As promised I am here to write about No Plot No Problem by Chris Baty, founder of NaNoWriMo. It was a fun read. Having already won NaNoWriMo once before and having written that ubiquitous 50,000 words in 30/31 days several times since then, I saw this book as more of a reflection of the work I have done while picking up a few ideas on the way. For someone who is trepidatiously stepping off that cliff of insanity that is the power writing of NaNoWriMo, it could be a great comfort as well as affirmation that you can indeed write 50,000 words towards a novel in 30 days (or less). There is much wit over the task of forced word count writing which I easily saw as a reflection of my own derangement. (Please, I am the sort of crazed author that has lengthy conversations with her characters when she is alone in the car. You just think that I am singing to Cold Play.)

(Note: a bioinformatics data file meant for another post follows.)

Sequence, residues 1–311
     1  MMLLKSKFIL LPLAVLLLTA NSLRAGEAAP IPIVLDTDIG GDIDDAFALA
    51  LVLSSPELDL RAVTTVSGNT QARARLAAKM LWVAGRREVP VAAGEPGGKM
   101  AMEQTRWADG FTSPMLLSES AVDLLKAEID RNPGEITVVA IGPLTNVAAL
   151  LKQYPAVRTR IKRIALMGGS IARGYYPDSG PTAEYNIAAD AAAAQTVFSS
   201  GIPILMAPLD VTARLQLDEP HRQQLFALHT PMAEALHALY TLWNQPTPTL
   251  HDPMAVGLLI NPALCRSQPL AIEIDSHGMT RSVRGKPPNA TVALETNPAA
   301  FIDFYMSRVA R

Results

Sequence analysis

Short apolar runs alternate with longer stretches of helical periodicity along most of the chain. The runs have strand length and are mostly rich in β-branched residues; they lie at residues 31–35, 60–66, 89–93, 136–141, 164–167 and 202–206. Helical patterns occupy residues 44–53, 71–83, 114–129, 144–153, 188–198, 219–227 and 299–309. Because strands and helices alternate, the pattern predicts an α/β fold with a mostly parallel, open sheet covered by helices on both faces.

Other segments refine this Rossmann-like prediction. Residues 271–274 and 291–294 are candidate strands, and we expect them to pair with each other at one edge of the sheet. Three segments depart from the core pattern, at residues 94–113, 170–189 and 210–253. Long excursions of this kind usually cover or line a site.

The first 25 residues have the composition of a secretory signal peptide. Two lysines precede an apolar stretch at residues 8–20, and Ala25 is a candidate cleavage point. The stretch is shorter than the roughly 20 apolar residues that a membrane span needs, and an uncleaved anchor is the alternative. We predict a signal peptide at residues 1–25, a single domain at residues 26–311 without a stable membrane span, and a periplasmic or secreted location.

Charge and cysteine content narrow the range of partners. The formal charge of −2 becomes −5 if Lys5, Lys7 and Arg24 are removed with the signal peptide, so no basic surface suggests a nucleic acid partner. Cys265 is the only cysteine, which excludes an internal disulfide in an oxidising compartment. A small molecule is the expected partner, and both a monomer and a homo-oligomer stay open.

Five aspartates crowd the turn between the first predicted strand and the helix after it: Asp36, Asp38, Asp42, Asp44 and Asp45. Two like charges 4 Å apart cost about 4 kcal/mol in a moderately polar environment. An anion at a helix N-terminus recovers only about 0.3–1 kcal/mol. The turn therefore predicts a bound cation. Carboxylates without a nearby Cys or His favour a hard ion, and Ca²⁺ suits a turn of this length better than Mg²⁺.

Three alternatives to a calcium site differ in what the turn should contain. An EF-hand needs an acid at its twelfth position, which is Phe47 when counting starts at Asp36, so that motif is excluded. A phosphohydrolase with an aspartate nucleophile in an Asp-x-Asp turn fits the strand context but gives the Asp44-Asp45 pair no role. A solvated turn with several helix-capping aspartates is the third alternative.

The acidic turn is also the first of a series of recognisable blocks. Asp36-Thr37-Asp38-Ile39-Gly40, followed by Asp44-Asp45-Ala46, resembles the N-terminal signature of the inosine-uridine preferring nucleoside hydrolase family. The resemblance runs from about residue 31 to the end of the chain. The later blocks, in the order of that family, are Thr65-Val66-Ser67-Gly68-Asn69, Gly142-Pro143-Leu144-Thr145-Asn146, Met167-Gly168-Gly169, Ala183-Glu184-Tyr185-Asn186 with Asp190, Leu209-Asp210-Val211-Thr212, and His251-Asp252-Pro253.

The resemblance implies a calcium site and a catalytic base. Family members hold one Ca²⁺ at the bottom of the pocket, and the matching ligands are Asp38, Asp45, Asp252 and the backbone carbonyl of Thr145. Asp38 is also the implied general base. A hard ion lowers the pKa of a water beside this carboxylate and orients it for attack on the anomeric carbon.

In other news, I did finally sit down and write the synopsis to last year's NaNo. I've heard that the weather here is supposed to cool down this weekend. Maybe even highs in the lower 70's, which is fantastic to finally get out of the 80's that we've been hanging on to like a toddler fearing that first solo step. (That was a feeble attempt at changing the subject. Let's just say that if I were to read the synopsis that I wrote I wouldn't be interested in reading the novel. And no, I really don't want to talk about it anymore. Suffice to say I much prefer writing novels than synopses and it is an area that I know now I must expend more energy in order to become a better synopsist, synopsisist?)
The next book on my table is The Plot Thickens: 8 Ways to Bring Fiction to Life by Noah Lukeman.